A woman answered the door at Carlson’s home. We asked her whether the door had suffered a crack. She took a quick look and shrugged her shoulders, as if to signal that it looked okay. She declined to allow us to photograph it from inside the house.
Wemple — who has feuded with Carlson for a while now — also noted that they reached out to Carlson to see if he could provide a picture of the crack but did not get a response.
As for Carlson’s claim that one of the protesters said they would return to his house with a pipe bomb, Pyke noted that the person filming the video shared by Smash Racism D.C. was heard saying “Pipe bombs! Synagogue victims!” This is, of course, an obvious reference to ‘MAGAbomber’ Cesar Sayoc and anti-Semitic far-right synagogue shooter Robert Bowers, with the protesters tying Carlson’s nightly criticism of the mainstream media and immigration to those right-wing domestic terrorists.
Meanwhile, the police report makes no mention or references “pipe bomb.”
One other instance of possible embellishment from Tucker is his claim that the demonstrators outside his home “weren’t protesting anything specific that I had said” or “asking me to change anything.” The group, however, specifically referenced his highly critical coverage of the migrant caravan, a subject that seemed to be the tipping point for Bowers after President Trump and conservative media obsessively fearmongered over the Central American refugees slowly making their way through Mexico.
Besides issuing a statement denouncing the actions of the far-left activists, it has been rumored that Fox News is silently protesting Twitter over how it handled the posts targeting Carlson. The Fox News Twitter account has refrained from tweeting out anything since Thursday, though other Fox-related accounts have been tweeting. Another report says the non-tweeting is a “conscious decision in light of what was done to Tucker,” with a source suggesting “Twitter was fostering a dangerous climate that resulted in threats against Fox News employees.”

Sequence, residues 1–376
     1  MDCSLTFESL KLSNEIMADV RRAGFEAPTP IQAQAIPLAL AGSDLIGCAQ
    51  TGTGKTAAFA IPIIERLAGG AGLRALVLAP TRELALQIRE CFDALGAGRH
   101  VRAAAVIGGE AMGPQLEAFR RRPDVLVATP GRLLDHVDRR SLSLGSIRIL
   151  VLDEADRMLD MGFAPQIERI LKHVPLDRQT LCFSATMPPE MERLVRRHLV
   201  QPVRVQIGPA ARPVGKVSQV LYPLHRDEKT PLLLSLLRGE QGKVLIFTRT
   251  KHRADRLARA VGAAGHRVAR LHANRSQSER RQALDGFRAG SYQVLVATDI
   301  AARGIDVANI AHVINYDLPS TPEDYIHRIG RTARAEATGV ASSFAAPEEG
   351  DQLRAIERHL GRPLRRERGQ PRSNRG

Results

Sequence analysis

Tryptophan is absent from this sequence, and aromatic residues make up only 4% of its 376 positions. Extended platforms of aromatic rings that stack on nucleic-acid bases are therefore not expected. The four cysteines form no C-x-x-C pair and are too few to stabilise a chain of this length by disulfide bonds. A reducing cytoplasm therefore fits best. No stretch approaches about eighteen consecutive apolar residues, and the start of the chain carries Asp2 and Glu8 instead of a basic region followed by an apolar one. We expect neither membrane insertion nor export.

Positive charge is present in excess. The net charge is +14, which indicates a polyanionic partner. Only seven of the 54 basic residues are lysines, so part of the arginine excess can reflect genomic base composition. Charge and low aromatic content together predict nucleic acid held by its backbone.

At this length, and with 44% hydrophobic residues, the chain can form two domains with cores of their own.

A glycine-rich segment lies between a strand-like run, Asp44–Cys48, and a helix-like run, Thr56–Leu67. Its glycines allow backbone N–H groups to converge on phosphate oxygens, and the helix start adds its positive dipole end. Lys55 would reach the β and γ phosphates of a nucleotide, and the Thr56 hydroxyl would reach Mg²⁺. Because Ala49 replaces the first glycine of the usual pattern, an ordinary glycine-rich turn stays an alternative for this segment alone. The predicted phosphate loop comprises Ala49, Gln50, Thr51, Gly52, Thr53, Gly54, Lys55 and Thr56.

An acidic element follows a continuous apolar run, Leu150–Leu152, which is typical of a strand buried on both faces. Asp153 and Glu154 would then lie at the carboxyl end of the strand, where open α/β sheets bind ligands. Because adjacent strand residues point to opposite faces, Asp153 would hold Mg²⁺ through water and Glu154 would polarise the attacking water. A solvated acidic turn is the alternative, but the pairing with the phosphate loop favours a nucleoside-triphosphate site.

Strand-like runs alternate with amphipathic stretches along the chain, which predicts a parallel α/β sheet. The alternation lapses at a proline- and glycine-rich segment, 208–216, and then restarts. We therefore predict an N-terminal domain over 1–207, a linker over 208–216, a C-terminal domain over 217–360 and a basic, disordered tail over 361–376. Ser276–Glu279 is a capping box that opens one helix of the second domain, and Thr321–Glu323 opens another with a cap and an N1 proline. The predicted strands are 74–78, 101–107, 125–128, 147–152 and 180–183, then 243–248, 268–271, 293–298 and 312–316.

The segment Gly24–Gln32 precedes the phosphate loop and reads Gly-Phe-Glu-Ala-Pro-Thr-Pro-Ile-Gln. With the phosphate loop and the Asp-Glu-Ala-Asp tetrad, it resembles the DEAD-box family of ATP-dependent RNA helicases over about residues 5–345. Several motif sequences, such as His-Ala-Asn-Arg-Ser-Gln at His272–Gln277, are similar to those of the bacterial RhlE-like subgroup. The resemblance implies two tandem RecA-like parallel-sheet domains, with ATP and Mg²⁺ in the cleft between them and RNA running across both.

In the end, this isn’t to make light of the fact that a group of protesters frightened Carlson’s wife at their private residence to the point where 911 was called. But it does appear that the breathless coverage of a violent mob threatening Carlson and his family’s lives was more than a bit of a reach, specifically based on Carlson’s own exaggerations.
Mind you, Carlson has devoted endless on-air coverage to a narrative that the left is completely out of control and extremely violent. So it would behoove him to frame a protest in front of his house as far more extreme than it really was.
A group of roughly a dozen that spent a few minutes chanting outside his house and was allowed to walk away by police? Not that big of a story. A crazed mob of Antifa supersoldiers threatening to blow him up while busting his door in? Well, that’s enough to fuel an outrage cycle for weeks while engendering sympathy on an indefinite basis.